Admirers saw her irritability as proof of her uncompromising nature. “While most cookbook authors go from book to book looking for more recipes in a line their readers are comfortable with, Kennedy is adamant about making people stretch their limits,” one reviewer wrote. of The Times in 1999.
Born Diana Southwood on the outskirts of London on March 3, 1923, she was the daughter of picky eaters, even if they cooked a meal of soup and bread. “Nothing Fancy” includes some of her favorite family recipes.
During World War II she served in the Women’s Timber Corps, a group that maintained Britain’s agricultural industry. After the war, she moved to Canada and worked at the Wedgwood Porcelain Company, creating board games.
On a trip to Haiti in 1957, he met Paul Kennedy, a correspondent for the New York Times who covered Mexico, Central America, and the Caribbean. She soon after she moved to Mexico where she and Kennedy married. “I was always an adventurer,” she said.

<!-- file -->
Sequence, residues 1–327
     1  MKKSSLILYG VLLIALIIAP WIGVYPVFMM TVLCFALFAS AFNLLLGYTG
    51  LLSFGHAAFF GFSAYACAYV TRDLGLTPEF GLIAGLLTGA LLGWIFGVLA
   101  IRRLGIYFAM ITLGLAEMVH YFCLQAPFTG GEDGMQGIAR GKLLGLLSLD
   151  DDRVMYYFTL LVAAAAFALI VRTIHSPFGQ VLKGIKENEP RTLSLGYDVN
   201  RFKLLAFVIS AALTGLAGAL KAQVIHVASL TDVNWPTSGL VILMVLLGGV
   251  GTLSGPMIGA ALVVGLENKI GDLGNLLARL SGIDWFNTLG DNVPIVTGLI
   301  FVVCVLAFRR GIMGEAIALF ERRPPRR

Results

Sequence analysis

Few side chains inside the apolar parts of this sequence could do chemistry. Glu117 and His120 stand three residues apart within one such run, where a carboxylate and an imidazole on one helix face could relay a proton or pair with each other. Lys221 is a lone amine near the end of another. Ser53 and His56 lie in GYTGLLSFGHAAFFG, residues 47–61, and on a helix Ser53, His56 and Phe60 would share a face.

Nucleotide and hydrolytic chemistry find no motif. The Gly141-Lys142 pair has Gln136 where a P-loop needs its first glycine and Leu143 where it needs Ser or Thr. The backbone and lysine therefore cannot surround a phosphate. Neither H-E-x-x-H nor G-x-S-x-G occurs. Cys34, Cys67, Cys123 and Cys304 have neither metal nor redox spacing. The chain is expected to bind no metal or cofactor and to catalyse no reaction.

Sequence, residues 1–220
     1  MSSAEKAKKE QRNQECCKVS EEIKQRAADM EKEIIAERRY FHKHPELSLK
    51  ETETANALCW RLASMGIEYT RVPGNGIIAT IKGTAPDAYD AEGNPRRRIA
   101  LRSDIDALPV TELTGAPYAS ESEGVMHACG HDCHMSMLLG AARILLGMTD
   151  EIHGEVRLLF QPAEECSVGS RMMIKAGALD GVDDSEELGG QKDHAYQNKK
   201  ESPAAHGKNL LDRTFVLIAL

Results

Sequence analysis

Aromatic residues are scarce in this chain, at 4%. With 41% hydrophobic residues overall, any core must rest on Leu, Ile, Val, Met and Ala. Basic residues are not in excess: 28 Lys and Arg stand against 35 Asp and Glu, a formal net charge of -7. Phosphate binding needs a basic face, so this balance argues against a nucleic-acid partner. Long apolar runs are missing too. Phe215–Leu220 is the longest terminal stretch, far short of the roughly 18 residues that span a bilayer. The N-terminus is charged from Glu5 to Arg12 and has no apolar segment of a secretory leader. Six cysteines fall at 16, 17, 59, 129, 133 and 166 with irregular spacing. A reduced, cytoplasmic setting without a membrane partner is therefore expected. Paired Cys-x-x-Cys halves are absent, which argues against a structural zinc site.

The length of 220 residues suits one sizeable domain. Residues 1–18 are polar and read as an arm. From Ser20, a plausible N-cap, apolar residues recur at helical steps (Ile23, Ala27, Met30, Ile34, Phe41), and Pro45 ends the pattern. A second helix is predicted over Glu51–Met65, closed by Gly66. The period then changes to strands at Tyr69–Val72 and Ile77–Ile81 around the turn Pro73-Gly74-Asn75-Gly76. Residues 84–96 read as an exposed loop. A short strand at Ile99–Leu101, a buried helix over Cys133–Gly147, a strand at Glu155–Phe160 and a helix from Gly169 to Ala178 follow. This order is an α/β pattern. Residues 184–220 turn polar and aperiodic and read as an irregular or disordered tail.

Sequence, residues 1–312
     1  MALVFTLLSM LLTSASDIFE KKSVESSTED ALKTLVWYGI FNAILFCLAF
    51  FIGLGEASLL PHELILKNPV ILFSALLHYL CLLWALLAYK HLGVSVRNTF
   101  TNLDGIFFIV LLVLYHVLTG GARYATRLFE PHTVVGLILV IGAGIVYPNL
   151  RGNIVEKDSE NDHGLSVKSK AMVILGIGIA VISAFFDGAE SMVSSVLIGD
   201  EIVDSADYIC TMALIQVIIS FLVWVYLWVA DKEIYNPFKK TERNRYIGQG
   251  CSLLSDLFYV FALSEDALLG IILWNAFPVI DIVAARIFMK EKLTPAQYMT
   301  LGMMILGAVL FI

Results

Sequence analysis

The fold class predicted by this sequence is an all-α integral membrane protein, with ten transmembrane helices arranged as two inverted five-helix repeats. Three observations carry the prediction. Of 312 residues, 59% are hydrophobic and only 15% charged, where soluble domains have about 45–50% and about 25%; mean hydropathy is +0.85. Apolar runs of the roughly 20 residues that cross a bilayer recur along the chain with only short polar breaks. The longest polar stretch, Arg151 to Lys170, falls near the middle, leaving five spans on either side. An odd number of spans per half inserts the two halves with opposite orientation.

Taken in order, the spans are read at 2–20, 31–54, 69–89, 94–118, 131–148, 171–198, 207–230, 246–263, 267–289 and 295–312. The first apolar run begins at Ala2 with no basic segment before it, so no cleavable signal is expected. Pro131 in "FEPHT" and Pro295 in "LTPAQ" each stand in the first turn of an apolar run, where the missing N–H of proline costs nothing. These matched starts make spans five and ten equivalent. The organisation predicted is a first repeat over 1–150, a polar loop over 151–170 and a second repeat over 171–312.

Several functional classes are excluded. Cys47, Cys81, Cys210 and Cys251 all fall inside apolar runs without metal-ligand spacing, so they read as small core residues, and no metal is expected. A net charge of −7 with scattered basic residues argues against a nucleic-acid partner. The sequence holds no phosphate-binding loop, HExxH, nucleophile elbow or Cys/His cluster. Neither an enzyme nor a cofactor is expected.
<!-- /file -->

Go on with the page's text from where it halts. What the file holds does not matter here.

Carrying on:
As a newcomer to the country, she was inspired by “the wonderful markets, the wonderful colors, the exotic surroundings,” she said in a 1998 interview with The Times. After several years of practice, she cooked a traditional Mexican dinner for then-New York Times food critic Craig Claiborne, who visited the Kennedys in the mid-1960s. Claiborne encouraged her to write a cookbook.
Shortly afterward, she and her husband moved to New York City because Paul Kennedy was ill with cancer. He died in 1967.
Back in New York, he taught and wrote in New York for over 10 years, mostly from home. The ingredients for Mexican cuisine were hard to find there at the time. On a trip to California in 1976, she packed a suitcase with fresh poblano peppers, semi-soft cheeses, and the spices commonly found in Mexican cuisine. She also dug up epazote, an herb that grows wild in California and Mexico, and brought it back east.